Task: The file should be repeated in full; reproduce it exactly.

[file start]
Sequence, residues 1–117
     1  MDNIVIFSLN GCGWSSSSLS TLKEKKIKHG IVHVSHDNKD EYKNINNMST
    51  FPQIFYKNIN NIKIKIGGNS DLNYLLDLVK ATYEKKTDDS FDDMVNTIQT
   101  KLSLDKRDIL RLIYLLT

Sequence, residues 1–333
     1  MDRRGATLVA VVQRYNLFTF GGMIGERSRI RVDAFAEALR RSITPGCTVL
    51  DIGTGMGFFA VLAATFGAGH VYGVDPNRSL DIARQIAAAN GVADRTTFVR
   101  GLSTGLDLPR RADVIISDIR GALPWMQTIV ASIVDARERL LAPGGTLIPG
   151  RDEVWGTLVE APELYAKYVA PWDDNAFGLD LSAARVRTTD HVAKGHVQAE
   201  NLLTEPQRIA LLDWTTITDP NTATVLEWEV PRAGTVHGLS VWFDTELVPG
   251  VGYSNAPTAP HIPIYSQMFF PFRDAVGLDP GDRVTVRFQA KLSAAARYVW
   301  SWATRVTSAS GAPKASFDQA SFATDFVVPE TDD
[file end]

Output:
Sequence, residues 1–117
     1  MDNIVIFSLN GCGWSSSSLS TLKEKKIKHG IVHVSHDNKD EYKNINNMST
    51  FPQIFYKNIN NIKIKIGGNS DLNYLLDLVK ATYEKKTDDS FDDMVNTIQT
   101  KLSLDKRDIL RLIYLLT

Sequence, residues 1–333
     1  MDRRGATLVA VVQRYNLFTF GGMIGERSRI RVDAFAEALR RSITPGCTVL
    51  DIGTGMGFFA VLAATFGAGH VYGVDPNRSL DIARQIAAAN GVADRTTFVR
   101  GLSTGLDLPR RADVIISDIR GALPWMQTIV ASIVDARERL LAPGGTLIPG
   151  RDEVWGTLVE APELYAKYVA PWDDNAFGLD LSAARVRTTD HVAKGHVQAE
   201  NLLTEPQRIA LLDWTTITDP NTATVLEWEV PRAGTVHGLS VWFDTELVPG
   251  VGYSNAPTAP HIPIYSQMFF PFRDAVGLDP GDRVTVRFQA KLSAAARYVW
   301  SWATRVTSAS GAPKASFDQA SFATDFVVPE TDD